19th Century European
We ended the month with Christie’s (mediocre) 19th Century European Art sale in New York. Honestly, we looked real hard and ended up bidding on 0 lots … and we specialize in 19th Century European Paintings! Rough stuff. Anyway, the sale was littered with works that had seen better days or were rather late examples, so I can’t exactly say I am surprised by the results and I can’t help but wonder… “Where are all the really great 19th century paintings?!” Back in the 1980s and 90s these sales featured 200 plus lots, today we are lucky to see 70 or 80.
The top lot in the sale was their cover piece, Federico Zandomeneghi’s Conversazione interessante, which brought $845K (est. $700K-1M). After that, two works fell into a tie at $581K…Rudolf Ernst’s La Charite chez les derviches a Scutari was the “better” performer as it was estimated at just $200-300K (but as we saw earlier, Orientalist works are still going strong). Ernst, regarded as one of the top Orientalist painters of the 19th Century, depicts a group of children gathered around a table enjoying a communal meal. Textures and colors run rampant, from the tile to the marble to the Oriental rug… all finely detailed and well executed. The other work at $581K was Bouguereau’s La petite Esmeralda, which was a beautiful painting but unfortunately had a bit of in-painting throughout the background as well as in the face of the young girl. The same work was last sold in October of 2008… not the best time to be unloading into the market… and only made $362K on a $400-600K estimate. Now, less than 7 years later, with an elevated estimate of $500-700K, the price of the work has increased by more than 60% (or $220K)! Not a bad return. So, what else? Well, there were a few Corots … however; most had condition issues which resulted in weak prices, if they sold at all. One in particular, La danse des trois bergeres (Soir), garnered $135K even though it had 15-20 inches of tear/puncture which had been masterfully restored. A massive Courbet, 75 x 65 inches and estimated at $1.8-2.5M (the highest estimate in the sale), failed to sell and quite frankly was not very well done… really, just rather ugly and if I were judging this artist’s ability to paint from this example I would have to wonder why he is considered a master (I can’t blame anyone for not breaking out the checkbook).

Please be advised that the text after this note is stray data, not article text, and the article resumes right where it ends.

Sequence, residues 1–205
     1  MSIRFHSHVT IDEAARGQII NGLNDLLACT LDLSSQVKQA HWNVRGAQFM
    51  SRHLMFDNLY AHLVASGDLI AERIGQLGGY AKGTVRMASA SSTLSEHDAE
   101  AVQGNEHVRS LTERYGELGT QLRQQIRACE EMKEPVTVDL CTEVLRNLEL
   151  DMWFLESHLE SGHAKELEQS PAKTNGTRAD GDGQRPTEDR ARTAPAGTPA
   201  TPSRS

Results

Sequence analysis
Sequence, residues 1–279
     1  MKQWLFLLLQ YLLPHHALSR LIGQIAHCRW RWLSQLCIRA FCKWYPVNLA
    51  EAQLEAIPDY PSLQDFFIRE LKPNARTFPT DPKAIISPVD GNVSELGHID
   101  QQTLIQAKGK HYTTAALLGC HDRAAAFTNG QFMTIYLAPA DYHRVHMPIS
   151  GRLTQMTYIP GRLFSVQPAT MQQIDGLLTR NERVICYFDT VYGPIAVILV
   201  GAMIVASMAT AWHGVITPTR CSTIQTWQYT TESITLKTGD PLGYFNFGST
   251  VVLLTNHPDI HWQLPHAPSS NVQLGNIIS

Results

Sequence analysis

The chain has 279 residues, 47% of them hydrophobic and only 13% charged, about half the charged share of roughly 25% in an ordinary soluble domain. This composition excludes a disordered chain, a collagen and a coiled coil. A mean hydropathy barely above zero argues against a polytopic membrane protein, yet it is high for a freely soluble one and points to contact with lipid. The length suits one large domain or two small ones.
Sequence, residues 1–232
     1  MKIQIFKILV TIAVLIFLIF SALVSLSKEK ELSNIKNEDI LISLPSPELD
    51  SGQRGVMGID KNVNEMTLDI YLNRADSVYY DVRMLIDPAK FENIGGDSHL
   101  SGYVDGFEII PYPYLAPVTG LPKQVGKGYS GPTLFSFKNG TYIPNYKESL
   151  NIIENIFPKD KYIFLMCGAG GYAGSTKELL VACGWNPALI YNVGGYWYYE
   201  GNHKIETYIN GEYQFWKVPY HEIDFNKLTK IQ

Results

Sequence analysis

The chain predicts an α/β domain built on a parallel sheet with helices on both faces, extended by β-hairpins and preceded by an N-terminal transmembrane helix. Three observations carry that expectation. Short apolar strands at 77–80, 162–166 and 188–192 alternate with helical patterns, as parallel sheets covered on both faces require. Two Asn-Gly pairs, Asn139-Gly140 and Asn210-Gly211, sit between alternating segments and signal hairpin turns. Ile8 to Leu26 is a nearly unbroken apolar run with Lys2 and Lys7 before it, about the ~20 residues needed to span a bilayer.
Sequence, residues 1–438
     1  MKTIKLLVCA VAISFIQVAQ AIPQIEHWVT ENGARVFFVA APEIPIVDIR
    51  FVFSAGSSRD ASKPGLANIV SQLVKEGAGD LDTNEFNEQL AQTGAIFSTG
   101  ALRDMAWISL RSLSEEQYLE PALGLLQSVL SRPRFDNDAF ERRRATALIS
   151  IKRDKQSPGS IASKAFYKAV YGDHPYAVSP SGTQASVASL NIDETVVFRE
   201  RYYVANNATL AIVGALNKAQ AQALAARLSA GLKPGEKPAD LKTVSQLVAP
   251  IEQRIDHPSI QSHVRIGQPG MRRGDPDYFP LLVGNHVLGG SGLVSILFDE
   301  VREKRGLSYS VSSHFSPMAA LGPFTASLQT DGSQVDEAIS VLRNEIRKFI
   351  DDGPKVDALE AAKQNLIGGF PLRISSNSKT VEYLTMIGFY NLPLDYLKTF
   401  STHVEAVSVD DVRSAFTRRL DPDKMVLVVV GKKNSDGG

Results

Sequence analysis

As I alluded to earlier, the sale was pretty weak and with a presale estimate of $7.9-11.2M, it saddens me to say that they didn’t even make it close to that number… 64 of the 83 (77%) lots sold for a mere $6.7M and that is with the buyer’s premium included. In addition, combined the top 10 lots brought in $4.094M or 60.9% of the total.